Panel: Perspectives of Students with Disabilities

CBI panel members discuss what it is like having a disability in engineering.

The student perspectives panel featured students with disabilities currently in undergraduate or graduate programs. The panel featured six students with disabilities, including one who has worked in CNT research labs.

Panel members included
Brad Barringer, Sociology and Mechnical Engineering Technology;
Sara London, Leadership and Higher Education and Policy Studies;
K Wheeler, Law, Societies, and Justice;
Lisa Hannon, Environmental and Forest Sciences;
Joe Stead, Electronics Engineering Technology;
Peter Johnston, Chemistry; and
Jessie Zhang, Human Centered Design.

What were your experiences in STEM-related classes, and how did that influence your decision to stay or leave a STEM-focused education?

  • I sometimes had a hard time understanding what professors were trying to communicate to me, so once in a while I had disability services chase down a professor to get a clear answer for me.
  • I used to love science, but I heard a lot of horror stories about lab-based classes in college. I worried about getting my accommodations or a good lab assistant in classes.
  • At my community college, I was lucky enough to have a diverse group of people in my STEM classes—we really worked together to take on lab work. Having a network of people really allowed me to feel more confident in my own abilities.

What accommodations or technology do you use to be successful?

  • The weather can really affect my bipolar disorder. My main accommodation is just extra time to turn in assignments and a flexible schedule when needed.
  • I often use screen readers and accessible PDFs so I don’t have to carry heavy textbooks or stare at a screen for too long. I also use Sonoscent, which matches an audio-recorded lecture with a Powerpoint, and have extra time on tests.
  • I use Computer Aided Real-Time Transcription (CART), which is live captioning that records everything going on in the room. I also use an FM system, which puts a microphone on the speaker and hooks right into my cochlear implant so I can hear an individual easier.
  • My main accommodation is just understanding—understanding that sometimes I need more space, or to go outside, or to take a little time off. I like to build a network of people who support me.
  • I need extra time on tests and use a laptop to help me organize my notes and listen at the same time.
  • I used to just have audio-recorded classes, but I’ve advocated for video-recorded classes, since then I can see the images the professor draws on the board as well.
  • I do better without people around me in a private space, and I can’t work if people are behind me.

What technology impacts you the most?

  • The Internet was a game-changer—it allowed me to interact with people and not be in the same room. I have done interviews over Skype, I can share ideas in a forum, and I feel much more comfortable collaborating when I don’t have those physical triggers that could set me off.
  • I greatly value my physical calendar and notebook, which give me a visual reminder of my responsibilities and deadlines.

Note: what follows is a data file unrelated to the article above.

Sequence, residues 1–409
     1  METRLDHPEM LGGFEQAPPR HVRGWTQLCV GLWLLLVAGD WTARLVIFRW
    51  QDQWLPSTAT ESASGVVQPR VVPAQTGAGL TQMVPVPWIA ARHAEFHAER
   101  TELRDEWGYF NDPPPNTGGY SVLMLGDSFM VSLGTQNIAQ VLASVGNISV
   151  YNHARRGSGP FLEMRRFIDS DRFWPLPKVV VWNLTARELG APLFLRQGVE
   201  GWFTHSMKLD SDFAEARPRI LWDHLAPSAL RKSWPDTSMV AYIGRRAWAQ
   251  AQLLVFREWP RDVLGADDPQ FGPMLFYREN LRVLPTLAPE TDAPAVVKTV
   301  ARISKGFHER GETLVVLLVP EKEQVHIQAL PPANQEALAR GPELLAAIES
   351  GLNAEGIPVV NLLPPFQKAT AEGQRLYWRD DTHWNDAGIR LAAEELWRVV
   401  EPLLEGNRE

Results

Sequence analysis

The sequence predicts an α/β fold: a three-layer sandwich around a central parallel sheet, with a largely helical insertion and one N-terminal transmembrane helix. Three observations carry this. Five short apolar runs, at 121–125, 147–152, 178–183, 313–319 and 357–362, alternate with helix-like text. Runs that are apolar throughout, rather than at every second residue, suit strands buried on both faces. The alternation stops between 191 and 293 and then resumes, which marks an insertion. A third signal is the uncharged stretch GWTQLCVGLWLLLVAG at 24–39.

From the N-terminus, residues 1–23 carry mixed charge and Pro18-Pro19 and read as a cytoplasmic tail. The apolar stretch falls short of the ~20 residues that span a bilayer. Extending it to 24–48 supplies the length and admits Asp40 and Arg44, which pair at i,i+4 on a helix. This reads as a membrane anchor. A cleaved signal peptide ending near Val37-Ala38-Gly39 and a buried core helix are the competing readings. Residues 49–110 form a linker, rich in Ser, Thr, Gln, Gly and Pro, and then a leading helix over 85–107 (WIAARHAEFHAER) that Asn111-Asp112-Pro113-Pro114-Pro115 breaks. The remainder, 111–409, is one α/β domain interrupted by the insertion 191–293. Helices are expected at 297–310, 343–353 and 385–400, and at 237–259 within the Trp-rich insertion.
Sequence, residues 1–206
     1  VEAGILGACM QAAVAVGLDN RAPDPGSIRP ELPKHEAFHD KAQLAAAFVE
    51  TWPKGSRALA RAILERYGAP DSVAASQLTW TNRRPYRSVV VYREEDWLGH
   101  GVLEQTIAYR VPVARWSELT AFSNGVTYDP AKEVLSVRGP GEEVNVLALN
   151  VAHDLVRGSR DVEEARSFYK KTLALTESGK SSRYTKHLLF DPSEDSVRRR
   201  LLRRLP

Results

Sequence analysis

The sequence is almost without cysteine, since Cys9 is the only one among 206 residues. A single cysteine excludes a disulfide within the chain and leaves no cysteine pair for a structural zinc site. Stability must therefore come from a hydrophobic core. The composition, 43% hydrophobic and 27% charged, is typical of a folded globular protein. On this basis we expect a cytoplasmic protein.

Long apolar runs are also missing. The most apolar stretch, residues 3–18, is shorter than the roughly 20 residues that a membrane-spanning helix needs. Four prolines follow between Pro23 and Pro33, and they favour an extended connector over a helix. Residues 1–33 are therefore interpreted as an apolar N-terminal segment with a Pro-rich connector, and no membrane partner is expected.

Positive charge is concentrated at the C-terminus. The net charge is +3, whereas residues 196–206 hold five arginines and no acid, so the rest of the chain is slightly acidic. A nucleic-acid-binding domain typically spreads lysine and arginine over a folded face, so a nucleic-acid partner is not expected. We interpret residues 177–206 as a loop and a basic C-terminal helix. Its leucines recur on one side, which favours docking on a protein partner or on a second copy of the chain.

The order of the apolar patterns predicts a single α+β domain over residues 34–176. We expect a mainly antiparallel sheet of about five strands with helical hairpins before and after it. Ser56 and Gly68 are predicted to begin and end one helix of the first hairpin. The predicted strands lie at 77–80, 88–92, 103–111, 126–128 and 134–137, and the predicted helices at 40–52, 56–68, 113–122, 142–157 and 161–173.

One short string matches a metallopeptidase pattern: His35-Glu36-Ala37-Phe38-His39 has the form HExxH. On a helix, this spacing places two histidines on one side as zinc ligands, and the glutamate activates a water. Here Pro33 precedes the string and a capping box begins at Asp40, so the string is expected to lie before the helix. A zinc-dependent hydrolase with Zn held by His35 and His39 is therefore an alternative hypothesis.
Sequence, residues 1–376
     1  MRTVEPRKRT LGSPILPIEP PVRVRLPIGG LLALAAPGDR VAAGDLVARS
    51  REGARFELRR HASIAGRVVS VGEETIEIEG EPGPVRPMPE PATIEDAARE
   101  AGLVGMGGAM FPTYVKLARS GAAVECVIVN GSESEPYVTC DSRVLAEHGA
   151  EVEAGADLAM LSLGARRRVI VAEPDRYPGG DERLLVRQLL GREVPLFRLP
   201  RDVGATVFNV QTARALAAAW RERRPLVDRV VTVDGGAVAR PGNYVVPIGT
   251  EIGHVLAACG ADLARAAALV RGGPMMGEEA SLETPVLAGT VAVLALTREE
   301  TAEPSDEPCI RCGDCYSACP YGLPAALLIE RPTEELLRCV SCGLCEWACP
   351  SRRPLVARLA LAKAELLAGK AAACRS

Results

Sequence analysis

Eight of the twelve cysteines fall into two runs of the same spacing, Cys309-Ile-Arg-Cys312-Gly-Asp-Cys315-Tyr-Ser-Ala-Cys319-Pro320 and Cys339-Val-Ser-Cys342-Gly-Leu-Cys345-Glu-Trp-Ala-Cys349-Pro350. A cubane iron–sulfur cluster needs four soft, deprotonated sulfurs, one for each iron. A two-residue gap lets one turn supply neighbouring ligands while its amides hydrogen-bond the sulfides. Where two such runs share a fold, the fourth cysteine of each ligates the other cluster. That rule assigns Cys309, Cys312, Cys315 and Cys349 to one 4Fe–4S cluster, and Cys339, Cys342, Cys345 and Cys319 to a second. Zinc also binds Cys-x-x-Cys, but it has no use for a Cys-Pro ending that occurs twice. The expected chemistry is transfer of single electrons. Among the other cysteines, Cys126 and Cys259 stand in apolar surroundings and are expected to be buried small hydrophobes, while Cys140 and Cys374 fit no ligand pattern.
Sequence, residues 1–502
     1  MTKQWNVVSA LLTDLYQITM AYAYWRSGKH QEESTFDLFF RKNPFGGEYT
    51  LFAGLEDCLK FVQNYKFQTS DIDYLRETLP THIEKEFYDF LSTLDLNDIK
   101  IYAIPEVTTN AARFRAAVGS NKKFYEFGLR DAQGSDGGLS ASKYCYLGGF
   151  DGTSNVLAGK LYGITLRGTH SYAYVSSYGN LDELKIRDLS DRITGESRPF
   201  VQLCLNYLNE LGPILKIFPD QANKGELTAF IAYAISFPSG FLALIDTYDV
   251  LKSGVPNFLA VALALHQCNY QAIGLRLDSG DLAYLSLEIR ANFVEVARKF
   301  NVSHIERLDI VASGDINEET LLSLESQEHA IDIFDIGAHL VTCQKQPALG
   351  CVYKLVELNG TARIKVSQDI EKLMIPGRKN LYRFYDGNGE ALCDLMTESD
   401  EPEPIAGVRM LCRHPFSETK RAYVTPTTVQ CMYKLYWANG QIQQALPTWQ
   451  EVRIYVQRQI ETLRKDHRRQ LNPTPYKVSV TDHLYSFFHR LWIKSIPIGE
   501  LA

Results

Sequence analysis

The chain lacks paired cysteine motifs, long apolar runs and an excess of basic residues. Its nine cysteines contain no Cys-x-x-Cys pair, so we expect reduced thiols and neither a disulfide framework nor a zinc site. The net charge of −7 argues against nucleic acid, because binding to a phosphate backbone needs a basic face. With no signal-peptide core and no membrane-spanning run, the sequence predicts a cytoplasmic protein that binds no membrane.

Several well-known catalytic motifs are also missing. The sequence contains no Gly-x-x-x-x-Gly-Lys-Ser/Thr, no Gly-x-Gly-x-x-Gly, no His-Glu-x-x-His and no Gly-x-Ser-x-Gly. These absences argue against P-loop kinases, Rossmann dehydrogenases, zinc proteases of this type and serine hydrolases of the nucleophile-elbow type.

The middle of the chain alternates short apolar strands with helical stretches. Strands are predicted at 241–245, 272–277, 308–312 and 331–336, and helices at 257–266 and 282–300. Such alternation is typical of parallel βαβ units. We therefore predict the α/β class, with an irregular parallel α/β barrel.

• I use a huge monitor screen, which allows me to need less fine motor control.
  • My iPhone can do text-to-speech, record lectures, and create reminders for me.
  • LaTex allowed me to write my thesis in an easier manner; however, sometimes I think the best technology for me is just a window or another person to connect with.
  • My cochlear implant allows me to speak and communicate with others. On top of that, texting helps me stay in contact with others.

How do you disclose your disability and how do you request accommodations?

  • In college, I found it easiest to disclose to disability services and have them request my accommodations.
  • I normally wouldn’t disclose until after I secured a job, but I’ve had a panic attack during a job interview before, which seemed unprofessional when I hadn’t disclosed.
  • Since my disability is invisible, I don’t usually disclose. As a computer programmer, people often just write off my quirks as stress reactions.
  • If possible, I like to show people who I am first before disclosing, so they can judge me on more than just my disability.
  • I am very open about disclosing so I can advocate for others with disabilities as well.

Have you ever had others not understand or accept your disability?

  • I had a professor who wouldn’t believe I needed my accommodations, even after talking with disability services.
  • If someone tells me to try harder instead of accommodating, I often just try harder to convince them I really do need my accommodations.
  • I’ve had people tell me to get over my issues. Obviously it’s not that easy.

How can ERCs be more accommodating?

  • Be more welcoming and reach out and ask the students with disabilities what can help them be most successful. Furthermore, being welcoming extends past just the labwork or classwork—being welcoming includes social events, lunchtime, and networking. Don’t leave people with disabilities out of the “extras.”
  • ERC leaders should promote an environment that is both accessible and welcoming. Their message should be explicit and repeated often.
  • It is helpful for undergraduate and graduate students with disabilities to see faculty, staff, and leaders with disabilities. Embrace opportunities to recruit people with disabilities into these mentoring roles.